Also known by its French spelling, gomme, gum syrup is a sugar syrup with gum arabic, a resin from the Acacia tree, incorporated into it. Gum syrup fell out of favor with bartenders because it is difficult to make, and a straight simple syrup is both easier and cheaper. However, where both syrups add sweetness, gum syrup adds viscosity as well, giving a richer mouthfeel and weightier texture to cocktails. Organic cane sugar gives the syrup an amber color and a light molasses flavor. It is best used in aromatic, spirit-forward cocktails such as Sazeracs, Old-Fashioneds and Juleps.
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Pronounced or-zhat, orgeat is a French almond syrup, originally made from barley and used as a shelf-stable milk substitute. Many cultures have versions, from Basque orxata to Dutch orgeade to Mexican horchata. Made from California almonds and a small proportion of apricot kernels to give it a distinct "marzipan" flavor without the addition of extract. Organic cane sugar, orange flower water and California brandy are added to result in a rich, flavorful syrup with delicate floral notes. Orgeat is used in the Mai Tai, a drink invented at Trader Vic's in Oakland, as well as the Japanese Cocktail and various absinthe concoctions. It is also delicious with seltzer alone as a spritzer.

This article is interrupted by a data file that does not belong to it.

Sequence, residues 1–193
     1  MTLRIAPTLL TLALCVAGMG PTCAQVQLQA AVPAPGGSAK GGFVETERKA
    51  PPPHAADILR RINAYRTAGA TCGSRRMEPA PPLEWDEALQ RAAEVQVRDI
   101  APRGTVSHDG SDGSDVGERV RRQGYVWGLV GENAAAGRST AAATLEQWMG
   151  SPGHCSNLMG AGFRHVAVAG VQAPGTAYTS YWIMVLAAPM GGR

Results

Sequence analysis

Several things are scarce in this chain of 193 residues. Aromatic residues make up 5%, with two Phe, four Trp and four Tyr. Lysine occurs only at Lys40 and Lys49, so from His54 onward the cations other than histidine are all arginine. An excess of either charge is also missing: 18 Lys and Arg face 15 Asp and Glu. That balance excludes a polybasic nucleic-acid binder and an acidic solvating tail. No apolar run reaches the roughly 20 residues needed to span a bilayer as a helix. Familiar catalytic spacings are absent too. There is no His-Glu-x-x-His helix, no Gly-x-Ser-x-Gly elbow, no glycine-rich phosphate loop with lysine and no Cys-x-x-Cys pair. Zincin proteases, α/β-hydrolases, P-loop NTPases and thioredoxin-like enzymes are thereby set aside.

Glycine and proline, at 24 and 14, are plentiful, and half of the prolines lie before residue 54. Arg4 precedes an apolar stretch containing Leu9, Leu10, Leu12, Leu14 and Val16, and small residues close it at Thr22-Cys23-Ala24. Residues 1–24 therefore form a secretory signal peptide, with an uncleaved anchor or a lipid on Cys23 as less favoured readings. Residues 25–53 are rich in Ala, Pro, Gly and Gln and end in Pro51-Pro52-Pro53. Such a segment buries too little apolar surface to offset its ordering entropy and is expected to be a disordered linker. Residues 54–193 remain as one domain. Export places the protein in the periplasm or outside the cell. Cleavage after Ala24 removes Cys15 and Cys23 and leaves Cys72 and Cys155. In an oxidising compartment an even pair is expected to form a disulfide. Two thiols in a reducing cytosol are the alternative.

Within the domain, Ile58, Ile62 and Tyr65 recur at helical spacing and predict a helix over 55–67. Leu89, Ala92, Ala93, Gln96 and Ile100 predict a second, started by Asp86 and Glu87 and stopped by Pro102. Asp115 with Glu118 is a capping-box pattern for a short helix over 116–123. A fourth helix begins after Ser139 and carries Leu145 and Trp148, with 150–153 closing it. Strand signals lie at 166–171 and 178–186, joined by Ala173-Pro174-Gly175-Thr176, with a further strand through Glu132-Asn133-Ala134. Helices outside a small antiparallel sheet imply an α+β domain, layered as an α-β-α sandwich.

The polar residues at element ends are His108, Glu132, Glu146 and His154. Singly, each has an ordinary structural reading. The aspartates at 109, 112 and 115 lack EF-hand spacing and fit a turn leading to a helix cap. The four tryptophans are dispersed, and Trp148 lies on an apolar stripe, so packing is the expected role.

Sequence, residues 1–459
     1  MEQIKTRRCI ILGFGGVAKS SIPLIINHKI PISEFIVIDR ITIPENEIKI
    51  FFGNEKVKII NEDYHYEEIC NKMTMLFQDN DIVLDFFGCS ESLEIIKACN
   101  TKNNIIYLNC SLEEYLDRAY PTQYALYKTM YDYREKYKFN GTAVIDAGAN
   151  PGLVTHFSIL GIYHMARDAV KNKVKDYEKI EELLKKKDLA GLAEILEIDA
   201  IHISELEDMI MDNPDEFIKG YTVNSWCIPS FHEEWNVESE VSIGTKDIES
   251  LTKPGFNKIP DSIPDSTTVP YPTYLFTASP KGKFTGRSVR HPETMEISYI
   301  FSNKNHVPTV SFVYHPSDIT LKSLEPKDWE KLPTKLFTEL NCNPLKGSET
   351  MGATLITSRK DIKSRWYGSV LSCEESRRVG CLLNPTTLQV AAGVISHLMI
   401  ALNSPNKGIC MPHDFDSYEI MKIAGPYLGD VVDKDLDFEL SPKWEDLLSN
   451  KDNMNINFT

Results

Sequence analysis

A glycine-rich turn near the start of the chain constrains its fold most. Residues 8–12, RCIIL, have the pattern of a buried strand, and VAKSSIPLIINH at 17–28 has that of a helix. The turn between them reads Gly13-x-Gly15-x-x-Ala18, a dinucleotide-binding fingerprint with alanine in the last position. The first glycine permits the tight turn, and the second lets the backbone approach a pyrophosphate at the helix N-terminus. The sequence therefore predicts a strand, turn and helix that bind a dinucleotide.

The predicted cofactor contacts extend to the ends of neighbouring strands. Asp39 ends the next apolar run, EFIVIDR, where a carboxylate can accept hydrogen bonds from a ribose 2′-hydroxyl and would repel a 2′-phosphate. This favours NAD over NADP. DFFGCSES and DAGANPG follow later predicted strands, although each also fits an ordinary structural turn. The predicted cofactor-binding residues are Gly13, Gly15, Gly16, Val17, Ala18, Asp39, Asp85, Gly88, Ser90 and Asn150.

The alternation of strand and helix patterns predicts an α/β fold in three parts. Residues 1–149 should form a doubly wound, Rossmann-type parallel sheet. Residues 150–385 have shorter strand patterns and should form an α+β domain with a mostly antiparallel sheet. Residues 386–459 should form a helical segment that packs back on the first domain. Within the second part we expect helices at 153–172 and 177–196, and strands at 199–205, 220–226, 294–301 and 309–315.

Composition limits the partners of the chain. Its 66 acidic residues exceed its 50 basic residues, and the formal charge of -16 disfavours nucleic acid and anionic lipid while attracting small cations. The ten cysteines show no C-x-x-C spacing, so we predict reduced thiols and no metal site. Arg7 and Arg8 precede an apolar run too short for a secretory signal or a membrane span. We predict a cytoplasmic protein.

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Pineapple Gum Syrup
A pineapple-infused gum syrup made by pressing fresh fruit and blending it with gum syrup, resulting in a golden amber syrup with high viscosity, bright acidity and exceptionally rich mouthfeel. Pineapple Gum Syrup is a key ingredient in the San Francisco classic cocktail Pisco Punch, as well as fixes and cobblers of all kinds.
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Raspberry Gum Syrup
Called for in many early cocktail recipes, Raspberry Gum Syrup is often substituted for grenadine due to its intense berry color. Its flavor, however, is distinctly bushberry, candied and less tannic than grenadine. Try a Jack Rose with both; you'll be surprised at the difference. Incorporating organic raspberries into gum syrup yields a bright yet unctuous liquid with concentrated berry flavor and mouth-coating viscosity. Try it in a Clover Club or Maiden's Blush, or use it to sweeten your favorite fizz.
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The ubiquitous cherry-red bottle of syrup holding court at every bar, modern grenadine is a far cry from its pomegranate origins. Many cultures enjoy pomegranate juice when it is available, as did early bartenders in America and abroad. Rest assured, they were not using high-fructose corn syrup colored with red #40. Our grenadine is made from pomegranates and cane sugar; no water or other ingredients added. The bright acidity and tannic backbone of this syrup will transform any drink that uses it. Try it in a Jack Rose or a Ward Eight, or add to ginger ale for an authentic Shirley Temple.
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